It's probably fair to say that the football world is under the impression that the Ravens are riding high in the postseason because of the "Ray Lewis Effect," which has taken the team to a higher emotional plane and propelled it past the upstart Indianapolis Colts and heavily favored Denver Broncos.
That's just fine, of course. There's nothing like a big, over-generalized storyline to juice up a national pregame show, and there's really no good reason to fight the almost universal perception that Lewis is the spiritual force behind the postseason surge that has carried the Ravens into another AFC title showdown against the New England Patriots.
"Probably, sure, it's a big deal,'' John Harbaugh said during his weekly news conference on Monday. "All of our players have something on the line. It's always an ending. There is always something around the horizon for every one of us. It's not going to be like it was last year or last week. And, for Ray, it's the most evident part of it. It's right out there in front for everybody to see. Ray has been the franchise since '96. He's been the one stable element that has been here from the beginning.
"So, it's pretty evident and pretty obvious, and we are all real proud of that, and we're all excited to be a part of that."
Fair enough. Who didn't get a little misty when Lewis dropped to his knees in a huge release of emotion near the Ravens sideline after Justin Tucker's game-winning field goal split the uprights on Saturday at Sports Authority Field? That's just SportsCenter gold.
What is not fair is to get so caught up in Lewis and his final NFL journey that you don't recognize what really happened over the past couple of weeks. The Ravens didn't beat the Colts because their inspiring human interest subplots overwhelmed Chuck Pagano's heart-warming return from a life-threatening illness. They didn't make that miracle comeback in the final minute of regulation on Saturday because the players were thinking during those waning seconds that they had to do something otherworldly to keep Ray on the road to the Super Bowl.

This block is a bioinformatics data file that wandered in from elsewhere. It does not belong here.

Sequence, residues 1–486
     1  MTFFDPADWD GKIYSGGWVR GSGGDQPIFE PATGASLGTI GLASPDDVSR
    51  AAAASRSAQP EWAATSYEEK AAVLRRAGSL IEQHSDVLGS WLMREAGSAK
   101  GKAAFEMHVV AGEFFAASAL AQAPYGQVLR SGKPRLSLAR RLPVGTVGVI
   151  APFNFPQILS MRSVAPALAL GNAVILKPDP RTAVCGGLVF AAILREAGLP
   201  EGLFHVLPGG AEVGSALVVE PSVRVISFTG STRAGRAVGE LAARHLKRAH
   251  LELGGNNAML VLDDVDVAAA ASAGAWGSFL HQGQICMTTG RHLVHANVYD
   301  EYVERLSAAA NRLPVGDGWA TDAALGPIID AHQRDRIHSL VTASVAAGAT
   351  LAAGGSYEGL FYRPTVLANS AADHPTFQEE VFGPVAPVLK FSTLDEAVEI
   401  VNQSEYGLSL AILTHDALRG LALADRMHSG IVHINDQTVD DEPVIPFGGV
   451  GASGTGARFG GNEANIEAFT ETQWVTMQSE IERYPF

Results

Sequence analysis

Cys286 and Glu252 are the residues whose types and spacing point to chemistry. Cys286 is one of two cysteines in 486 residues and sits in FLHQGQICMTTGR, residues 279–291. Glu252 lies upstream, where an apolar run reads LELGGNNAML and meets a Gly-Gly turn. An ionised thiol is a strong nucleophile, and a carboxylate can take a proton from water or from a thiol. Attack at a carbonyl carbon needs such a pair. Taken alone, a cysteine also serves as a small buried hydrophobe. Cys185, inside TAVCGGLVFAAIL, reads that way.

Lewis and the Ravens defense played a big role, so there's no denying his return has been a signficant factor on a couple of levels, but it should be fairly obvious that the main reason the Ravens have come on so strong in the postseason is what has happened on the other side of the ball.
They won those two playoff games, in large part, because Joe Flacco stepped up on the big stage with more than 600 yards passing, five touchdowns and no interceptions. They won because they delivered a pair of balanced offensive performances in which Ray Rice averaged 100 yards and all the frontline receivers made big plays throughout.
Most of all, they won because of the common demoninator in all of that offensive largesse — the newly revamped offensive line that kept Flacco unsacked for the first 63 minutes of the overtime victory over the Broncos.
Count 'em. Flacco has been sacked just twice in the nine-plus quarters the Ravens have played in the postseason, and the overtime sack by Von Miller and Elvis Dumervil on Saturday was really just a coverage sack. Rice and complementary running back Bernard Pierce, meanwhile, have combined to rush for 316 yards in the two playoff games.
"I think every game starts up front and comes down to who can control the line of scrimmage," said All-Pro guard Marshall Yanda, "and controlling those guys gives Joe time to open up the running game and keep a good balance. It's a huge factor every game, so we try to do that. We had success a couple days ago and it'll be huge this weekend."
The O-line has come together at just the right time after the coaching staff moved decisively to reposition several players, inserting Bryant McKinnie in at left tackle, shifting Michael Oher to the right side and switching Kelechi Osemele from right tackle to left guard.
It's still possible to figure the "Ray Lewis Effect" into this equation, considering McKinnie has credited Lewis with helping him get in shape to return to the starting lineup. It's just important to remember that — in the NFL — it takes 22 to tango.
Read more from columnist Peter Schmuck on his blog, "The Schmuck Stops Here" at baltimoresun.com/schmuckblog and listen when he co-hosts "The Week in Review" at noon Fridays on WBAL (1090 AM) and at wbal.com.